If cats have previously had the chance to sample human food they may have just decided they prefer the taste of it. Some shelter cats who are used to dining from garbage cans decide they simply prefer the human version, while others may have been spoiled by previous owners or regular visitors.

It’s also possible that your cat’s own diet isn’t meeting his full nutritional needs, so he’s hanging around your plate instead. Take a look at our guide to the best cat foods for advice on feeding a balanced diet.

"Remember, if your cat has stolen human food, it’s important you think about common human foods that are poisonous to cats: like onions, chocolate, and raisins," warns Woodnutt, "And also whether there’s anything physically harmful they could have eaten – like butcher’s string, tin foil, or sharp bones."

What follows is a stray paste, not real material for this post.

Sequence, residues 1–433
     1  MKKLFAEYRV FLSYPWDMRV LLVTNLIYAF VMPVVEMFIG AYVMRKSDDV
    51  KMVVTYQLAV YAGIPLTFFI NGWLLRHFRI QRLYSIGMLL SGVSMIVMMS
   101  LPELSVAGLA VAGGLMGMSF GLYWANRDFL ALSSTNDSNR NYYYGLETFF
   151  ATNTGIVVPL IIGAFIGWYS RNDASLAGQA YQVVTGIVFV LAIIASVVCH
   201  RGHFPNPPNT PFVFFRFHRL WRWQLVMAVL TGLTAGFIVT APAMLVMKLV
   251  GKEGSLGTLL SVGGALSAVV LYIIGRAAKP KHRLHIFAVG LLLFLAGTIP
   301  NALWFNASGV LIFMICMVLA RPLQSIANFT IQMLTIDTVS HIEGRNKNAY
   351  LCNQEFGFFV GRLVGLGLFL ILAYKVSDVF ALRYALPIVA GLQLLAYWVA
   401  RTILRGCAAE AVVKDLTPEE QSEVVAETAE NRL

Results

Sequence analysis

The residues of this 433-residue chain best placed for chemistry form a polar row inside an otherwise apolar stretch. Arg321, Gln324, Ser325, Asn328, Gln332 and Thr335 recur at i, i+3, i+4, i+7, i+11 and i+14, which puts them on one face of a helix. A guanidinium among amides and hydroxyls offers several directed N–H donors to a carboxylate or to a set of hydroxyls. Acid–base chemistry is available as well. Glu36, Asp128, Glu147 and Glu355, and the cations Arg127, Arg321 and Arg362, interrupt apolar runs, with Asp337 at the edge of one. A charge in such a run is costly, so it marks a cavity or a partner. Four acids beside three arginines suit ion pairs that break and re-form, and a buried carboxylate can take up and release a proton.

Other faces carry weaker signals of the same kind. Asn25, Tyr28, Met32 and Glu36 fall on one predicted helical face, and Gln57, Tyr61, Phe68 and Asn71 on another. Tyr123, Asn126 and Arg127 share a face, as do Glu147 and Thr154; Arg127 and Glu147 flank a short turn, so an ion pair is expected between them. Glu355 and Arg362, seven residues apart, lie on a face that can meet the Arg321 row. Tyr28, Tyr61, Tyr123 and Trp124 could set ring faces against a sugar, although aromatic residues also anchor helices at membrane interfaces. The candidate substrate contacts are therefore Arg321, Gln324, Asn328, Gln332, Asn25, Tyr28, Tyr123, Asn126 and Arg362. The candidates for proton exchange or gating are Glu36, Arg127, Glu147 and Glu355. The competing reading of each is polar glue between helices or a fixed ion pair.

Check out our guide to 8 human foods that are poisonous to cats. Ultimately, if you’re unsure whether the food your cat has stolen is harmful, you should call a vet for advice.

How to stop your cat stealing food

Cat sniffing a dish of raw burgers

(Image credit: Getty)

It's important to stop your cat from stealing food. A balanced feline diet is necessary for weight control and a good nutritional balance, and if your kitty is constantly sneaking snacks you won’t be able to monitor their intake. 

The best way to deal with the problem is not to let it develop in the first place. If your cat begs, never feed tidbits and make sure any visitors know that’s the house rule, as well. Any food accidentally dropped on the floor should be cleared up immediately. Don’t leave food lying around, either – some cats are very accomplished thieves and can open cupboards or even boxes.